This article originally appeared on Motherboard.
Deep in the basement of Pittsburgh’s haunted house attraction Scarehouse, Death awaits. Standing next to a coffin dressed in his large black coat, scythe in hand, he explains that you must meet your fate—either you or your companion must be buried. Suddenly, you’re whisked into the satin-lined box, the door shut above you. Your companion is dragged away, nowhere to be heard. You’re alone. There’s no way out. All is black inside the coffin.
No, this is not a normal haunted house.
That is, Scarehouse also happens to be the undercover laboratory of sociologist Margee Kerr. Kerr has long been interested in studying the science and culture of fear, and parlayed that into becoming the sociologist-in-residence at Scarehouse, where she can observe and collect data on visitors who undergo the attraction’s frights. (Under the attraction’s waivers, customers are essentially volunteering to be part of her research.) She also helps to design some of the fearsome experiences, including the aforementioned scene with Death.
Specifically, she designed that experience to test how people confront death, and handle claustrophobia. She says participants are finally released from the coffin after one minute, but that that timing is crucial; at about twenty seconds, people begin to question how long they really might be stuck, and then start panicking.
Kerr underwent similarly frightening experiences as part of the research for her new book, Scream: Chilling Adventures in the Science of Fear. In it, she walks on the roof of Toronto’s sky-high CN Tower; spends a night in Japan’s “suicide forest,” where many have ended their own lives; and explores the punishment cells in an abandoned prison, all to try and understand what happens physiologically and psychologically when we get scared, and why we like being frightened. She then used her research to help design the scenes at Scarehouse.
For instance, in researching otherworldly experiences for her ghost hunting trip at Eastern State Penitentiary in Philadelphia, Kerr learned infrasound—inaudible sound waves of 20 hertz or less—can cause feelings of uneasiness and chills down the spine. It’s suggested that people who believe they’ve had supernatural encounters might in fact just be exposed to infrasound. Kerr, in turn, pumps infrasound into one of the spooky moments at Scarehouse. “It leaves customers with chills running down their spine,” she writes in Scream.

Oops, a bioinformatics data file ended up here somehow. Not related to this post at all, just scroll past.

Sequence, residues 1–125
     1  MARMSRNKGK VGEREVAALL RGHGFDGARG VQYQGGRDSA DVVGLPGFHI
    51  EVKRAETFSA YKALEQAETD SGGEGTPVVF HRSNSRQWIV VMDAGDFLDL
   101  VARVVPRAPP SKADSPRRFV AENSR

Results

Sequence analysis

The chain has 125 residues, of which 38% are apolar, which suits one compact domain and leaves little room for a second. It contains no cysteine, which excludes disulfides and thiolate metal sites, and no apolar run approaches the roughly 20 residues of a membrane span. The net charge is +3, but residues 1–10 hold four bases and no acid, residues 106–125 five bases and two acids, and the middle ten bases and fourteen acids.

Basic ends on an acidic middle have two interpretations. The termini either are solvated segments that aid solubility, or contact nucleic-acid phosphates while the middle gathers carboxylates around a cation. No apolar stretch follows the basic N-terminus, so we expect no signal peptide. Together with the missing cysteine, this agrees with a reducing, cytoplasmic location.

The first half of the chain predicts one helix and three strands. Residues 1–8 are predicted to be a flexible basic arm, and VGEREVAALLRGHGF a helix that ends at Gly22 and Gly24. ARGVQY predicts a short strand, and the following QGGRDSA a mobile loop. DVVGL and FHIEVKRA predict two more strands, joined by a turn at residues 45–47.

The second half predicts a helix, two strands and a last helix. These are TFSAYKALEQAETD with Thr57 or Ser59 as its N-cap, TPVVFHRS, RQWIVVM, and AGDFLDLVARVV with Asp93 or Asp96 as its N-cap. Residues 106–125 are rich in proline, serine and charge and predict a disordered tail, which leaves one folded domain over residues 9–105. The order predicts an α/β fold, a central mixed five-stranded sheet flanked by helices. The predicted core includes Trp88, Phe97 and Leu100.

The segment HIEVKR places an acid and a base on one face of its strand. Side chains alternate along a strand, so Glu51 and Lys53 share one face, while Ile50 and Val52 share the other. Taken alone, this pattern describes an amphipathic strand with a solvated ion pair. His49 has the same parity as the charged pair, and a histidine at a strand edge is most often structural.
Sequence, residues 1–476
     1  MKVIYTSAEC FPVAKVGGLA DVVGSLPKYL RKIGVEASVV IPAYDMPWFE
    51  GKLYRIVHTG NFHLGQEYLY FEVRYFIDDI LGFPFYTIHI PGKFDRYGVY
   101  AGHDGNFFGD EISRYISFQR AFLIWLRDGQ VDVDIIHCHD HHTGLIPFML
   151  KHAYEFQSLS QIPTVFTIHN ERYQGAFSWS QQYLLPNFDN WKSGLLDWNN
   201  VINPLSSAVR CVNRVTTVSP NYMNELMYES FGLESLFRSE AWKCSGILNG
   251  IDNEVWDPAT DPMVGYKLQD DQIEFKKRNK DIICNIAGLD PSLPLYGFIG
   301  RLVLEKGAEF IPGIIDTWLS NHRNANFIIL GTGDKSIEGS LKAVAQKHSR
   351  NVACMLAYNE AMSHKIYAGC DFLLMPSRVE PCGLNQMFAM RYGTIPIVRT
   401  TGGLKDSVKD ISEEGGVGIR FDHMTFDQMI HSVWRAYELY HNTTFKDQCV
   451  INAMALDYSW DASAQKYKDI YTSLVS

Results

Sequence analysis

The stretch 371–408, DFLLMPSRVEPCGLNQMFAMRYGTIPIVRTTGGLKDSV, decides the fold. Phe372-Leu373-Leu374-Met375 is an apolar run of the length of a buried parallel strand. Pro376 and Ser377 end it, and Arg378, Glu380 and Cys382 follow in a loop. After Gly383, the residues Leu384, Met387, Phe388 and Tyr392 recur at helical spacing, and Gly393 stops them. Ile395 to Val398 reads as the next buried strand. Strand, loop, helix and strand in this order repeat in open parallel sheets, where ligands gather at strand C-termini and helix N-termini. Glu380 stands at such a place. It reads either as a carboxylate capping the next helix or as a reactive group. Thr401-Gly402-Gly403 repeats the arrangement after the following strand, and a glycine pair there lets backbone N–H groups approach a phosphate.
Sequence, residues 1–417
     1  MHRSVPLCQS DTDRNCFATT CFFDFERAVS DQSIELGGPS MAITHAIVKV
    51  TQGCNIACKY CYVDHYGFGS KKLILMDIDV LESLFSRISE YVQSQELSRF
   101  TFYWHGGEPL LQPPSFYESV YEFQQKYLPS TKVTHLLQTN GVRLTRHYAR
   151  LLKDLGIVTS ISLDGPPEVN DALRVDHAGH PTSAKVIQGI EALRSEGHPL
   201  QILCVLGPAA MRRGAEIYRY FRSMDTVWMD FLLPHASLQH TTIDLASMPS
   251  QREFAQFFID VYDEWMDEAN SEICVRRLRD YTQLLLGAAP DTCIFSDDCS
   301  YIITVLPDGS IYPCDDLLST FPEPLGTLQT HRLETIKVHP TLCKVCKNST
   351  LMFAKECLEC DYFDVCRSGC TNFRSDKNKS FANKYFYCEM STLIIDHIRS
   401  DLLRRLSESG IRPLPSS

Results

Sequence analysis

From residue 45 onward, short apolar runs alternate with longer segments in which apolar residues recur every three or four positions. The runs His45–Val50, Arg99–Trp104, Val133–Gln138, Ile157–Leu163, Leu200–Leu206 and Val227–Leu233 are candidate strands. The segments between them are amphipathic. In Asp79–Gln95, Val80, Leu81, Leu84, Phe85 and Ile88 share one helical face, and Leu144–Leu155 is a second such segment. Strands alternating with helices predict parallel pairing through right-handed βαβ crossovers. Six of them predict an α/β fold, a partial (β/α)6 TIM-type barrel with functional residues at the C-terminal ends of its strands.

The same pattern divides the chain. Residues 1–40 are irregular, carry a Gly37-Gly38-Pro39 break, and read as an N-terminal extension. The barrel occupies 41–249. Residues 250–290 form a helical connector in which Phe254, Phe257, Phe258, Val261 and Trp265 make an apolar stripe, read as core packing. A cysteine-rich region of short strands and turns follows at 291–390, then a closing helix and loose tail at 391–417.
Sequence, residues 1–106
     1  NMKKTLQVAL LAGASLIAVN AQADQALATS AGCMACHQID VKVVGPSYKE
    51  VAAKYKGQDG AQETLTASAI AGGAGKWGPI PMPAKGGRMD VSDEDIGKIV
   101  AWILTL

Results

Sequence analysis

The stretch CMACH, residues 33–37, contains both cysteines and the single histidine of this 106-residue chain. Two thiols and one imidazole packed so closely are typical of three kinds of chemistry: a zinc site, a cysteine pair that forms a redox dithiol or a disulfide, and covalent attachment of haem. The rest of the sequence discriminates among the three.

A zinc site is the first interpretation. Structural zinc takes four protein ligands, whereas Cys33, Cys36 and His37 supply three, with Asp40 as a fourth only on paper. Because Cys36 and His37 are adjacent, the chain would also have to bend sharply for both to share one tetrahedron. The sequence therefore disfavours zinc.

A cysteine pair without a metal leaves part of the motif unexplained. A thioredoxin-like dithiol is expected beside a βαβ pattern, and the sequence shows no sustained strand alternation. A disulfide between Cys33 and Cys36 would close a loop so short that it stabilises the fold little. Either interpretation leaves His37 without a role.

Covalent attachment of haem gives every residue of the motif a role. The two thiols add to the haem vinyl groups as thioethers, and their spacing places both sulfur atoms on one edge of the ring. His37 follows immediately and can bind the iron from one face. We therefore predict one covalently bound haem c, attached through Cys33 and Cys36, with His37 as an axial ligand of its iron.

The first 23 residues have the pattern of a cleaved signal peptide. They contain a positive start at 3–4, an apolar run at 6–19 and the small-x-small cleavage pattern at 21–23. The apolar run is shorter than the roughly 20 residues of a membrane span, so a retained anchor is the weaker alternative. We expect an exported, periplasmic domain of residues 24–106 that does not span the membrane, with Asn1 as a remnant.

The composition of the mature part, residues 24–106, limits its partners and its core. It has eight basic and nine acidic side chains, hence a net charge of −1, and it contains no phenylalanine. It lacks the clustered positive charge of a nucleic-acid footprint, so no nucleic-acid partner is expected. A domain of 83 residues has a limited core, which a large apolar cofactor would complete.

Those goosebumps, by the way, are also known as a piloerection, and are quite mysterious themselves. “There is the theory out there that this is sort of a holdover that other species have when they puff up and try to make themselves look big,” says Kerr. “It’s our attempt to make ourselves bigger, even though of course that doesn’t work with us because it’s just tiny little hairs. It hasn’t been proven, but that is the idea.”
Though Kerr admits her career hasn’t prevented her from being scare-proof—”I have a very sensitive startle reflex”—she does have tips on how to stop yourself from getting too frightened. “I see a lot of people do this before they go into haunted houses or even roller coasters; they say ‘I’m not going to get scared,’” she says. “And you can do that, you can kind of steel yourself against the startle response by basically putting yourself already in that state of, okay I’m just going to assume that I’m being startled constantly, so it’s not going to bother me. And some people can do that better than others.”
That said, Kerr says what scares her the most is knowing how manipulative her own brain and body can be. “Learning how the brain works and how we can change and manipulate what we feel and experience leaves me quite scared—it is an existential crisis in the truest sense. Who are we if we can control our feelings, and manipulate our memories?”
And so it all comes back full circle—perhaps what we fear most is all in our heads.
All in Your Head is a series that takes a scientific look at all things spooky and scary. Follow along at Motherboard.